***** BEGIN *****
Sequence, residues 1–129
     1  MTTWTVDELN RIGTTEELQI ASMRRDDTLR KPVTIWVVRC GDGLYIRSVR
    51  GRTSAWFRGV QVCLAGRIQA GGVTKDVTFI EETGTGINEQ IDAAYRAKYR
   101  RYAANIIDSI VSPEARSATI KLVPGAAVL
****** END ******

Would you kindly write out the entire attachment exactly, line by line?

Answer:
Sequence, residues 1–129
     1  MTTWTVDELN RIGTTEELQI ASMRRDDTLR KPVTIWVVRC GDGLYIRSVR
    51  GRTSAWFRGV QVCLAGRIQA GGVTKDVTFI EETGTGINEQ IDAAYRAKYR
   101  RYAANIIDSI VSPEARSATI KLVPGAAVL